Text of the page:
Letter xxx (Circa A. D. 1132) to Henry, Bishop of Winchester
To Henry, [49] Bishop of Winchester

Bernard salutes him very respectfully.

To the very illustrious Lord Henry, by the Grace of God Bishop of Winchester, Bernard, Abbot of Clairvaux, health in our Lord.

It is with great joy that I have learned from the report of many persons that so humble a person as myself has found favour with your Highness. I am not worthy of it, but I am not ungrateful for it. I return you, therefore, thanks for your goodness; a very unworthy return, but all that I am able to make. I do not fear but that you will receive the humble return that I make, since you have been so kind as to forestall me by your affection and the honour that you have done to me; but I defer writing more until I shall know by some token from your hand, if you think fit to send one, how you receive these few words. You may easily confide your reply, in writing, or by word of mouth if it shall so please you, to Abbot Oger, who is charged to convey to you this note. I beg your Excellency also to be so good as to honour that Religious with your esteem and confidence, inasmuch as he is a man commendable for his honour, knowledge, and piety.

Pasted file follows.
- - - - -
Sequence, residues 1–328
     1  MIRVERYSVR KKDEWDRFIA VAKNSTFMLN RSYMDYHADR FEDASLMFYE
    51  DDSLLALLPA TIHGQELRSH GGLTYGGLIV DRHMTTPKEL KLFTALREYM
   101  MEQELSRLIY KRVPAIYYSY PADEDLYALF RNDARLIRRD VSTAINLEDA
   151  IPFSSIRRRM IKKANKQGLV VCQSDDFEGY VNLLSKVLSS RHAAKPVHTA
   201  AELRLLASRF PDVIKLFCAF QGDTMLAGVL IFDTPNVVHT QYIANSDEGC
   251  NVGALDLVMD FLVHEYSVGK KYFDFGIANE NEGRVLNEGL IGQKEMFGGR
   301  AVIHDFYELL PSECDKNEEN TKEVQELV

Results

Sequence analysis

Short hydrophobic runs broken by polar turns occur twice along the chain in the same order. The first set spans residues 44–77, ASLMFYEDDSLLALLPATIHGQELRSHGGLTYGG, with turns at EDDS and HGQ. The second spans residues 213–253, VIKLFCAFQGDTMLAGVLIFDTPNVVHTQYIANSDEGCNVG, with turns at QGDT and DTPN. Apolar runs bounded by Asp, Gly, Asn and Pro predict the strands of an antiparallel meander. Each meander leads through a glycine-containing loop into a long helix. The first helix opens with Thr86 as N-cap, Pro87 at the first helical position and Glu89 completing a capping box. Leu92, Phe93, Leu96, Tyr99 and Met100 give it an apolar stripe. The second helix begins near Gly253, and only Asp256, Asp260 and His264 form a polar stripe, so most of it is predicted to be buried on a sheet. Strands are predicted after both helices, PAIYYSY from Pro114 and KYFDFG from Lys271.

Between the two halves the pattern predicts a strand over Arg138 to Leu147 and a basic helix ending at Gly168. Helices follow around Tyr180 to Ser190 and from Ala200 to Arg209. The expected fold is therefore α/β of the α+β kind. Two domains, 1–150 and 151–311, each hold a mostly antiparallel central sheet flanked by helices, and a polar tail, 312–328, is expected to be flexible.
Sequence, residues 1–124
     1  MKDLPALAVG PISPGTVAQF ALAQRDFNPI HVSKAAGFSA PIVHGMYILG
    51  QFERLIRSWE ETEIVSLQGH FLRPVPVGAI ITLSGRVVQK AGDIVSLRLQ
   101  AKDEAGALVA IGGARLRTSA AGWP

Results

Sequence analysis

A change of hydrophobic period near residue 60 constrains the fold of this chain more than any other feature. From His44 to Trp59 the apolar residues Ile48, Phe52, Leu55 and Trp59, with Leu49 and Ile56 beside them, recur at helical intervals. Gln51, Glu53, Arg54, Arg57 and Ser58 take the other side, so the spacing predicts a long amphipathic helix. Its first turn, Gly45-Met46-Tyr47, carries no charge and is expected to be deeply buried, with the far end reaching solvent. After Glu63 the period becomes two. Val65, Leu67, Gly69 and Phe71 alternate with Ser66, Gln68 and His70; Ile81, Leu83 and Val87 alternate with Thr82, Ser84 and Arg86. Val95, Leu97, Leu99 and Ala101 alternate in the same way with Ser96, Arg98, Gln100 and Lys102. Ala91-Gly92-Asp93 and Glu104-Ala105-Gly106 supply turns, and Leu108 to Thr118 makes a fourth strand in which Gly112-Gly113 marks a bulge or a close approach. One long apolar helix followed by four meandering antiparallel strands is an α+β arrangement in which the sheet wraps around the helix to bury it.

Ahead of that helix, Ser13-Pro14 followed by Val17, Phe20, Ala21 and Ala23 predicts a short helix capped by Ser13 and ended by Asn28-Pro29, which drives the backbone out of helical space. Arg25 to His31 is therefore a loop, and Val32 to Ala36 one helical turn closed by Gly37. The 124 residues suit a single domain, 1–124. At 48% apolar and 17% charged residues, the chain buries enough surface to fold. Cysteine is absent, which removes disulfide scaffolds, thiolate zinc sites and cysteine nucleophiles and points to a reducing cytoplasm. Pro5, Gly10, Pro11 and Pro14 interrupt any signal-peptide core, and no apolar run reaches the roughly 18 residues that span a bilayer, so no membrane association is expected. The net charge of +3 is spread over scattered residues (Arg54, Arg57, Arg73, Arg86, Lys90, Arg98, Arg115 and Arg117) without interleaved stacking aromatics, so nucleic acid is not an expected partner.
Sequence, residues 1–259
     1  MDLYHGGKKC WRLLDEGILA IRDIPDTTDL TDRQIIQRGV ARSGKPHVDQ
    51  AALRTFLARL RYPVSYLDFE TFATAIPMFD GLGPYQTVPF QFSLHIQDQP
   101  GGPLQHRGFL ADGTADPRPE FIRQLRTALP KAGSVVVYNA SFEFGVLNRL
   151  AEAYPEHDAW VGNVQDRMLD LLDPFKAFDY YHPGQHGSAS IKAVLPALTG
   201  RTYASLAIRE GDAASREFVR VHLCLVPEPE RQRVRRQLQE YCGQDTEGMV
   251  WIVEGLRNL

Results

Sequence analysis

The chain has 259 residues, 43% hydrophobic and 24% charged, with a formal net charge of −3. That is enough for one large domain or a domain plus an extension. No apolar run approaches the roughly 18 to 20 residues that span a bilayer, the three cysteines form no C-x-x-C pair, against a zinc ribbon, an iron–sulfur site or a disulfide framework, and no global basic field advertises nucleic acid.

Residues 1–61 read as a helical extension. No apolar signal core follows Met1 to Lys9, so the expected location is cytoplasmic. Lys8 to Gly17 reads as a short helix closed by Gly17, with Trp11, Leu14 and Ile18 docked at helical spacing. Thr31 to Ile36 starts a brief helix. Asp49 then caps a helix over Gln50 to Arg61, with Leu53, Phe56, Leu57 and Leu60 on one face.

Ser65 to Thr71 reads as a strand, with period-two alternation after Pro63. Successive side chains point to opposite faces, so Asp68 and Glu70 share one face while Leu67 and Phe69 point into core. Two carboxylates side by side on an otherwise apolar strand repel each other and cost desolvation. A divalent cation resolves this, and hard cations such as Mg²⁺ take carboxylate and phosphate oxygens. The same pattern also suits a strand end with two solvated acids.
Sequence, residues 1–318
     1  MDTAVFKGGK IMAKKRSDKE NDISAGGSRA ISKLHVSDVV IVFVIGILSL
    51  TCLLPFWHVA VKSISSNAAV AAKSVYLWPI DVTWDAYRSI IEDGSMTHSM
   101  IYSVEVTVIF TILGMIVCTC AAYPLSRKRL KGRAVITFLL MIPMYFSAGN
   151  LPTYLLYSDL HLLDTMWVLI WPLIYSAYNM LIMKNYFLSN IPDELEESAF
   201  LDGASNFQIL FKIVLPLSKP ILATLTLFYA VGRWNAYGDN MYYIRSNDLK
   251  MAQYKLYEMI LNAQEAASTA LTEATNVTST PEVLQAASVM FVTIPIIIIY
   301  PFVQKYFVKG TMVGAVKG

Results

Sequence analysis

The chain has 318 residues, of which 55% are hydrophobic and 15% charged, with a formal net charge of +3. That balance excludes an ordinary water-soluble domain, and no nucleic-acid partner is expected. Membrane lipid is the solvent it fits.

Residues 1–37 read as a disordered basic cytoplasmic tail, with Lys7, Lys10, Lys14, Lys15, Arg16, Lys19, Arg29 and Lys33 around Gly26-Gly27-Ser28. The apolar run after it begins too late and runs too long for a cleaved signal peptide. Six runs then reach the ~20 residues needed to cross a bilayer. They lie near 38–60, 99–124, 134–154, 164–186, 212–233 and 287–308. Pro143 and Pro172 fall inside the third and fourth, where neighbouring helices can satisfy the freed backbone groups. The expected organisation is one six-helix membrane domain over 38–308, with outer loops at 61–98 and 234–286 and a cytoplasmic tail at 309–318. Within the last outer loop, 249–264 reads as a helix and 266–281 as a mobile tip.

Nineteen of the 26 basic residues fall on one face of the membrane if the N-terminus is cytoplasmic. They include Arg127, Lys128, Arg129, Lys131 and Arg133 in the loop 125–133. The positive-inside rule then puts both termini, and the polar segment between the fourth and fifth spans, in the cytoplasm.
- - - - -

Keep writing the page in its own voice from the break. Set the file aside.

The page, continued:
[49] He was nephew, by his mother, of Henry I, King of England, brother of King Stephen, and son of Stephen, Count of Blois. "His mother, Adela," says William of Newburgh, "not wishing to appear to have borne children only for the world, had him tonsured." In 1126, The History of the Abbey of Glastonbury counts him among the number of the abbots of that monastery, and says, "he was a man extremely versed in letters, and of remarkable regularity of character. By his excellent administration the Abbey of Glastonbury profited so much that his tame will be held in everlasting memory there" (Monast. Anglican. Vol. ii. p. 18). Henry was elevated later on to the see of Winchester, and Bernard complains of him in writing to Pope Eugenius. "What shall I say of his Lordship of Winchester? The works which he does show sufficiently what he is." Harpsfield reports that he extorted castles from nobles whom he had invited to a feast, and Roger that he had consecrated the intruder William to the See of York (Annal. under year 1140). The latter calls him legate of the Roman See. Brito and Henriquez must, therefore, be wrong in counting him among the Cistercians, and the latter in particular, in speaking of him as a man of eminent sanctity, taking occasion from the testimony of Wion (Ligno vitæ), who calls him a man gifted with prophecy, because when on his death-bed, in receiving the visit of his nephew, Henry, he predicted to him that he would be punished by God on account of the death of S. Thomas of Canterbury, whom he had himself consecrated; as if that saying may not have been inspired by fear rather than prophecy, as Manrique rightly says in his Annals. Peter the Venerable wrote many letters to him, which are still extant, among others Letters 24 and 25 in Book iv., in which he requests that he may return to Cluny to die and be buried there. Being invited to do so at the request of Louis, the King of France, and of the chief nobles of Burgundy, and also at the letters of Pope Hadrian IV., he sent on his treasures to Peter the Venerable, and, leaving England without the permission of the King, arrived at Cluny in 1155. He discharged from his own means the debts of the abbey, which were then enormous; he expended for the support of the monks who lived at Cluny, more than four hundred in number, 7,000 marks of silver, which are equal to 40,000 livres. He gave forty chalices for celebrating mass, and a silk pannus (which may have been an altar vestment, or more probably a hanging--[E.]) of great price; he buried with his own hands Peter the Venerable, who died January 1st, 1157. Having returned at length to his see, he died, to the great grief of the Religious of Cluny, on August the 9th, 1171.

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